More on Relationships
"Therefore, if you are offering your gift at the altar and there remember that your brother has something against you, leave your gift there in front of the altar. First go and be reconciled to your brother; then come and offer your gift."1
Of all the requests for help from Daily Encounter readers, most have to do with impaired relationships. One of the toughest issues to deal with seems to be in the area of forgiving those who have hurt us.
For example another reader writes, "I have been dealing with an issue for some time. I was hurt deeply by two friends, but have never received an apology from them for what they did. I am trying to forgive and forget but haven't been able to. I have prayed about it because I don't want to become consumed with anger, but the pain is still there. What can I do?"
I guess most of us have been in a similar situation, and, if not yet, sooner or later we will be. So how do we handle this type of issue?
As the Bible encourages us, it is helpful to go to the person who has hurt us, and share with him/her how we feel. However, when we do this, it is important not to go with a blame-game-attitude. This is because what they did is their issue, but how we react and feel is always our issue and responsibility. We need to tell the person who has hurt us that we appreciate and value their friendship, but that we feel very hurt. We need to admit that our feelings are our problem; explain why we feel hurt; and say that we would like to talk things over so we can resolve our feelings.
This is usually the best approach wherever possible—and we have the courage to do it! There is no guarantee, however, that the offending party will respond favorably. But once we have done our part (as long as it is in a caring and mature manner), the rest is up to them. However, if they or we are immature, it may make matters worse! That's always a risk to take in seeking to resolve impaired relationships.
Either way, it is imperative that we resolve our feelings. If we don’t, our hurt and anger may cause us to become resentful, and affect us physically, emotionally, and/or spiritually. If we can't resolve our conflict the first way, and still can't resolve our feelings and genuinely forgive, we need to talk to an understanding pastor, or if necessary, to a qualified Christian counselor who will help us work through and resolve our feelings.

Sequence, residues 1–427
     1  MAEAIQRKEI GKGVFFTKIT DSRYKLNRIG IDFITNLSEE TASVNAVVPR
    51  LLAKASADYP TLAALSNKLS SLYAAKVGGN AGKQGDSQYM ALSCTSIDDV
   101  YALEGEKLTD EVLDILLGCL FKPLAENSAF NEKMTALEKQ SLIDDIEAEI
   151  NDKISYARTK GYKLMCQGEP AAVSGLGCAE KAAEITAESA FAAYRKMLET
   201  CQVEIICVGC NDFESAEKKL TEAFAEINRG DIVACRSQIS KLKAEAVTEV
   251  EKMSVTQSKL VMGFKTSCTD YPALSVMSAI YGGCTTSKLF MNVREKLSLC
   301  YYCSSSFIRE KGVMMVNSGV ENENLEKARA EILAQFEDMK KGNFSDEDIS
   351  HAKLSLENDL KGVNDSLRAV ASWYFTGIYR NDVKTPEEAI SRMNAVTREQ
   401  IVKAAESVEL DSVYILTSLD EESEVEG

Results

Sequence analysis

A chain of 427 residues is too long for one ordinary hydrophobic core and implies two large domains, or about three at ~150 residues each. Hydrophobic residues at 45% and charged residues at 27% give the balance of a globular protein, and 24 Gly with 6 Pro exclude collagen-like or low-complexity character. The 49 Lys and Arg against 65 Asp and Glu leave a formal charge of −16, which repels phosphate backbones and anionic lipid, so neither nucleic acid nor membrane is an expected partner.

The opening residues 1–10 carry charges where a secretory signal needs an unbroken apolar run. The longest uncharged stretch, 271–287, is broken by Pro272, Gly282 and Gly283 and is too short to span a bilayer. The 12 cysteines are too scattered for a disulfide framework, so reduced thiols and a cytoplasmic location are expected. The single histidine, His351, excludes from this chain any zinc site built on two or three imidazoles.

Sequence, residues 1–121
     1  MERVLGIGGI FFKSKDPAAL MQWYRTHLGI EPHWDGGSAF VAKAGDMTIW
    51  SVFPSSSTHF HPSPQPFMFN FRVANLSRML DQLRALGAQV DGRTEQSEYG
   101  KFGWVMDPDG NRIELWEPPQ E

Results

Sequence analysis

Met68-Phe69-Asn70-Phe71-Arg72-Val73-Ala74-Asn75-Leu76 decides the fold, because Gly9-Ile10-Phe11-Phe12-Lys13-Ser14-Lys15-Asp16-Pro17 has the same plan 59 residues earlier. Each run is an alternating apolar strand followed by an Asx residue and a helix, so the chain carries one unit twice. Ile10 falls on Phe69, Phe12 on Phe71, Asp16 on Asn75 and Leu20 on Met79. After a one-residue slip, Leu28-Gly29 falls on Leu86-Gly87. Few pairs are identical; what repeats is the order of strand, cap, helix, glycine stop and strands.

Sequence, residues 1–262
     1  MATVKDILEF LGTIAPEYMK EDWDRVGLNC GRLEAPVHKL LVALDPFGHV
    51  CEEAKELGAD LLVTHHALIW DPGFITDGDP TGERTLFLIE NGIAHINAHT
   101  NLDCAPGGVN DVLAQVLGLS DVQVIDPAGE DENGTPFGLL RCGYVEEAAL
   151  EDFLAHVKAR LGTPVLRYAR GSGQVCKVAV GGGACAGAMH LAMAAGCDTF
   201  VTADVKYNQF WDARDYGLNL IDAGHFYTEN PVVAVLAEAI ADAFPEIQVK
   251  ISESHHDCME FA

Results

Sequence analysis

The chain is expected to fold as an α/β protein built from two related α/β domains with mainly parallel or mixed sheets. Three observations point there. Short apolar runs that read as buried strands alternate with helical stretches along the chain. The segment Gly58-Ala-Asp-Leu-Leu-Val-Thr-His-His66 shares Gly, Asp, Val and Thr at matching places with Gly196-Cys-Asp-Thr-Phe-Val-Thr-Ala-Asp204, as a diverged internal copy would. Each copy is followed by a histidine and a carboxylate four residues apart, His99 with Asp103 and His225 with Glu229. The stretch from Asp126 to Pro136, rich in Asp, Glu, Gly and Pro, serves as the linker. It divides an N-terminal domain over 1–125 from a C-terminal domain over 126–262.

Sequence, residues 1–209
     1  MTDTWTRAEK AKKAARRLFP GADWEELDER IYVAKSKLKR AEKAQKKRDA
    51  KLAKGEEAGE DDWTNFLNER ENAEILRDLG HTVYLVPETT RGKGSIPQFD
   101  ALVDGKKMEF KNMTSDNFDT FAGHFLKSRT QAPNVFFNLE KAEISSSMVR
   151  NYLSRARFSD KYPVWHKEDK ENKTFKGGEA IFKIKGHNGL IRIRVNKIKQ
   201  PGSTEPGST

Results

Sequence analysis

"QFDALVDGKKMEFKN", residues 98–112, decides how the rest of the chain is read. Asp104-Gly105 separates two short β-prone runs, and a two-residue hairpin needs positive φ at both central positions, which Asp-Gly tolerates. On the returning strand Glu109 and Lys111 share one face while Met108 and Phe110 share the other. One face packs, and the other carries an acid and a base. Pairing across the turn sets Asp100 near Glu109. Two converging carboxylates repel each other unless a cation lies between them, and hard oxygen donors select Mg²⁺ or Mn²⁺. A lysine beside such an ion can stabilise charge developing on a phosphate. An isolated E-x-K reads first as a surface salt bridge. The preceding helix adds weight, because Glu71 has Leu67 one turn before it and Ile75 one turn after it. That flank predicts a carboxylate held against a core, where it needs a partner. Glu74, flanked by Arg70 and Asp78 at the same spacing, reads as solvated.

However, before we do anything, we need to ask God to reveal to us the truth of what we may be contributing in any way to the conflict we are in. This is critical because (as already noted) what others do to us is their problem or issue, but how we react is always our issue and our responsibility. Furthermore, to the degree we overreact, if we do, that is always our problem. Remember, too, that supersensitive people who have unresolved hurts from the past, will inevitably overreact in one way or another, either by exploding and lashing out at others, or by imploding and turning their hurt and anger in on themselves and stay hurt, become resentful, and even physically ill.
Impaired relationships can be and are very destructive to ourselves and others, and are the cause of many illnesses—relational, physical, emotional, and/or spiritual. This is why the Bible encourages us to not allow the sun to go down while we are still angry, and to resolve these issues as quickly as possible.
NOTE: For further help see "Forgiveness: The Power That Heals," http://tinyurl.com/3bw3q3.
Suggested prayer: "Dear God, please help me to never forget that I live in a broken world where all people, including myself, have frailties and are struggling at some level to find more loving relationships. Please help me to keep growing in Christian love and learn how to handle every impaired relationship in a mature, Christ-like manner, and in so doing be an example for others to follow. Thank You for hearing and answering my prayer. Gratefully, in Jesus's name amen."
1. Matthew 5:23-24 (NIV).
All articles on this website are written by
Richard (Dick) Innes unless otherwise stated.